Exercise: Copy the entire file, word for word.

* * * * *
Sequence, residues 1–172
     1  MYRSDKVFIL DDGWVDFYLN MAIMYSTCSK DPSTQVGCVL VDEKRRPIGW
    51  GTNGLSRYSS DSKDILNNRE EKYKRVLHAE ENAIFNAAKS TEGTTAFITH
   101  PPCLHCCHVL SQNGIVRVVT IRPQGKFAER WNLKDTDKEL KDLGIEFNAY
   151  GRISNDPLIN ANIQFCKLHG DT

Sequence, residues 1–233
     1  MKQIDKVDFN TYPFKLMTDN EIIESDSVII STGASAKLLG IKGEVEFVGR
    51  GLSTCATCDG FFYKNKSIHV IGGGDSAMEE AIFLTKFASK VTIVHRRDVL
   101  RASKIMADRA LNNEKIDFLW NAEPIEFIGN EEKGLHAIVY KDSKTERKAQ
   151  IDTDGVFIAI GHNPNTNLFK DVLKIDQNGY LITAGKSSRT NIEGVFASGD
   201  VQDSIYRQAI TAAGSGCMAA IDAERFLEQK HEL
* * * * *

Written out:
Sequence, residues 1–172
     1  MYRSDKVFIL DDGWVDFYLN MAIMYSTCSK DPSTQVGCVL VDEKRRPIGW
    51  GTNGLSRYSS DSKDILNNRE EKYKRVLHAE ENAIFNAAKS TEGTTAFITH
   101  PPCLHCCHVL SQNGIVRVVT IRPQGKFAER WNLKDTDKEL KDLGIEFNAY
   151  GRISNDPLIN ANIQFCKLHG DT

Sequence, residues 1–233
     1  MKQIDKVDFN TYPFKLMTDN EIIESDSVII STGASAKLLG IKGEVEFVGR
    51  GLSTCATCDG FFYKNKSIHV IGGGDSAMEE AIFLTKFASK VTIVHRRDVL
   101  RASKIMADRA LNNEKIDFLW NAEPIEFIGN EEKGLHAIVY KDSKTERKAQ
   151  IDTDGVFIAI GHNPNTNLFK DVLKIDQNGY LITAGKSSRT NIEGVFASGD
   201  VQDSIYRQAI TAAGSGCMAA IDAERFLEQK HEL